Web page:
Visual Perl

Jumbo shrimp, military intelligence - Visual Perl? ActiveState built its reputation by bringing Perl to the Windows platform, thereby extending the reach of Perl and the size and nature of the Perl community. However, regardless of the Windows port, many Perl programmers don’t hesitate to voice their preference for text-based editors (like vi and emacs) over Windows-based integrated development environments (IDEs). Some Perl gurus find text-based editors the most efficient way to code. But for programmers who are new to Perl, and programmers who primarily work in graphical environments such as Windows, the intuitive, visual nature of IDEs help them to learn languages and produce code more quickly.

ActiveState’s combined expertise in Perl and the Windows platform, and our stated goal of bringing open-source programming languages to a wider developer audience, has led to our interest in developing IDEs. We have three particular goals:

  1. to create an intuitive editing environment
  2. to deliver much of the functionality that powerful text-based editors offer, but without the initial learning curve
  3. to add language-specific features, such as real-time syntax checking, debugging, colorizing and online help

Therefore, in addition to developing our own Komodo IDE, ActiveState has participated in Microsoft’s Visual Studio Integration Program (VSIP) and developed three plug-ins (Visual Perl, Visual Python and Visual XSLT) for Microsoft’s Visual Studio .NET.

Integrating Perl support into Visual Studio .NET required extending Visual Studio to provide Perl-specific functionality. For example, Visual Perl includes module-based code completion, pop-up hints for Perl keywords and module functions, a context-sensitive Perl language reference and emacs-like auto-indenting, brace matching, and block selection. Additionally, Visual Perl makes use of standard Visual Studio .NET functionality through the graphical debugger, the class view (for browsing functions), sophisticated project management, etc.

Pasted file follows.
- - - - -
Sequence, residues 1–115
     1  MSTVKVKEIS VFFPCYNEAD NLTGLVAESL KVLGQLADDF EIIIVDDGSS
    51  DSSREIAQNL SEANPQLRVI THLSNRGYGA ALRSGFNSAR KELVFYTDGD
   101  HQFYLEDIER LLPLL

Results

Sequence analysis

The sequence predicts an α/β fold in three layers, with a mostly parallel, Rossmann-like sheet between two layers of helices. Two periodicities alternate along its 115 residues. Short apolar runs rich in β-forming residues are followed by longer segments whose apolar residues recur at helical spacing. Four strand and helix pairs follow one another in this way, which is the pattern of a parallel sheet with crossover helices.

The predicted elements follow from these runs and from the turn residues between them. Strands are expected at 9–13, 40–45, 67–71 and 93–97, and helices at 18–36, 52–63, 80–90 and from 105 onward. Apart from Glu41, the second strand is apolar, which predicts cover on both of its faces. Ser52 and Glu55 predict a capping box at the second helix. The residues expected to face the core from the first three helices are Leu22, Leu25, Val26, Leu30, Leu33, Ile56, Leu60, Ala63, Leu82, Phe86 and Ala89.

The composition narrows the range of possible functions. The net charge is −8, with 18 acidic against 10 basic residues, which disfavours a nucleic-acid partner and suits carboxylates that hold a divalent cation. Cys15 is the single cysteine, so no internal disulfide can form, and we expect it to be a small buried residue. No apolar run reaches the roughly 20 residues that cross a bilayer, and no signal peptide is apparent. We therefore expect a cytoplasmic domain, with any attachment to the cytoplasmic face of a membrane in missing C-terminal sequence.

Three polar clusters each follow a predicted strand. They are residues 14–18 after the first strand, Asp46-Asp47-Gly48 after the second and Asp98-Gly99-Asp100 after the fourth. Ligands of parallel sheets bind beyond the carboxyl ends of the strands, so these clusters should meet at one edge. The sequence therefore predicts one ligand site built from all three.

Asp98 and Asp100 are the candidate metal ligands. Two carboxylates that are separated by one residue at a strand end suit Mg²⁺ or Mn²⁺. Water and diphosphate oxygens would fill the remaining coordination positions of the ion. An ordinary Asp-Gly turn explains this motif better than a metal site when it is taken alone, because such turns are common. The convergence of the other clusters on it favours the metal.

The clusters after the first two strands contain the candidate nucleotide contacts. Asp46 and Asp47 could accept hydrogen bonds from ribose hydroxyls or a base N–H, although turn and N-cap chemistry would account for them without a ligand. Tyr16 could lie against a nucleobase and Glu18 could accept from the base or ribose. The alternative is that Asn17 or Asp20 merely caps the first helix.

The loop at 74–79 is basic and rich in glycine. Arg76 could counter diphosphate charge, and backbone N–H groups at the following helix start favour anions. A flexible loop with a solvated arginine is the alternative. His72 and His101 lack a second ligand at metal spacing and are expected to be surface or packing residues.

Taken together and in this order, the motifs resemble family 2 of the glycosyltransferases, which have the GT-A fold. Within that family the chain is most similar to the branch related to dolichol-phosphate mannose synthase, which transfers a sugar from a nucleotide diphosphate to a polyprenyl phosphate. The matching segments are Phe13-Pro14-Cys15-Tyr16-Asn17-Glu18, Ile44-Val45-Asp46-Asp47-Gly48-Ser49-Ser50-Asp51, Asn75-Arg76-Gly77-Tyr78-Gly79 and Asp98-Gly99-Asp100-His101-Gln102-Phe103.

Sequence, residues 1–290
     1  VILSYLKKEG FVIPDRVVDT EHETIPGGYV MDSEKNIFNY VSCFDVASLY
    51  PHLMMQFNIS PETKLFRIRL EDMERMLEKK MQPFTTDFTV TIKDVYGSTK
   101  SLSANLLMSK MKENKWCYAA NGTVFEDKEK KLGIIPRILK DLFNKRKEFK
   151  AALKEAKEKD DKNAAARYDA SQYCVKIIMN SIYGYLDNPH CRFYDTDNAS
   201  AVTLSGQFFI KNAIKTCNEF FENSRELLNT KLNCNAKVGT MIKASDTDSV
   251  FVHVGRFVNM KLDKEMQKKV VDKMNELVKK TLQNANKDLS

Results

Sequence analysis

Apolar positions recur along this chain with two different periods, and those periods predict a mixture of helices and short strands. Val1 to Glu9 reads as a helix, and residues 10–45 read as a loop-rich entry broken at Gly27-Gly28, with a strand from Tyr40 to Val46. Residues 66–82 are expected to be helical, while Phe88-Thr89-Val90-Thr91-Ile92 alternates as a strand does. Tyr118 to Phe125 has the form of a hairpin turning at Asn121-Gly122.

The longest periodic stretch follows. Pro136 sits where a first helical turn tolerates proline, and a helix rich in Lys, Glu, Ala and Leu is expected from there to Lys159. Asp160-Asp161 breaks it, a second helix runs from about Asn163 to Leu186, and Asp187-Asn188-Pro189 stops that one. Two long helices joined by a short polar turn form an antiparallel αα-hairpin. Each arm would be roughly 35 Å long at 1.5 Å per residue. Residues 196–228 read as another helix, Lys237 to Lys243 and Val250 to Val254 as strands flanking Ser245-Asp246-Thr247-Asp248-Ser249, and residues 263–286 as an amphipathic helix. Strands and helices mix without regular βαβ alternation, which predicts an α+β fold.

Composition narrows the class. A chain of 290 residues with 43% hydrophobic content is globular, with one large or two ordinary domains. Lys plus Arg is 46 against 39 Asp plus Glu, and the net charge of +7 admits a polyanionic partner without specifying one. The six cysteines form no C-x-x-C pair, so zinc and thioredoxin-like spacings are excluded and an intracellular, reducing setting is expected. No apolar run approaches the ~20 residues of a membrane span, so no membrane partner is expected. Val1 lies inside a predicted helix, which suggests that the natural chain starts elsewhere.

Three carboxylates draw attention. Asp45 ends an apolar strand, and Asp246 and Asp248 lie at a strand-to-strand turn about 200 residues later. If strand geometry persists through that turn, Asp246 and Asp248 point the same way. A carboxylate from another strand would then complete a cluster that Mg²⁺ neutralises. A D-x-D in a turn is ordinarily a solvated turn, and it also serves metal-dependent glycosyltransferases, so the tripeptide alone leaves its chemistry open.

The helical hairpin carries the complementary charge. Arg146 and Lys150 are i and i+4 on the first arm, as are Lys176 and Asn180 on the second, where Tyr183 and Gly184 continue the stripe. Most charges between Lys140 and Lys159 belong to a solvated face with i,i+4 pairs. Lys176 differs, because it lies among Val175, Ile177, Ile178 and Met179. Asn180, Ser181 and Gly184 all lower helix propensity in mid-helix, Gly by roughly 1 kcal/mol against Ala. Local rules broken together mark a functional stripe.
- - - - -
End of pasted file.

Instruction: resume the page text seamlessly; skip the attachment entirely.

Visual Perl and .NET

In a separate initiative, ActiveState has developed PerlNET, a tool for building .NET-compliant components with Perl. PerlNET is part of ActiveState’s Perl Dev Kit 4.0, and Visual Perl integrates with the Perl Dev Kit, allowing developers to create .NET-compliant components (and also Windows applications, services and controls) from within Visual Studio .NET.

PerlNET and Visual Perl make it easier to build multi-language applications. Previously, the easiest way to build Windows applications quickly was with Visual Basic. However, Visual Basic has drawbacks with regards to the the speed at which the applications run. Also, VB is not the most commodious language for developers accustomed to modern constructs such as associative arrays, dynamic functions, closures, run-time eval and regular expression matching with full backtracking.

Microsoft has addressed this by creating a modernized “.NET” version of Visual Basic, and with the creation of C#, which provides a near-functional equivalent to Visual Basic .NET (some would say “superior, but functionally close”). Additionally, any language that can target the .NET runtime engine can be used to build components, and multilanguage interoperability is transparent. In a nutshell, you can use a high-level language to script the UI, write back-end components in Perl, and tie the two together almost effortlessly. All you have to do is: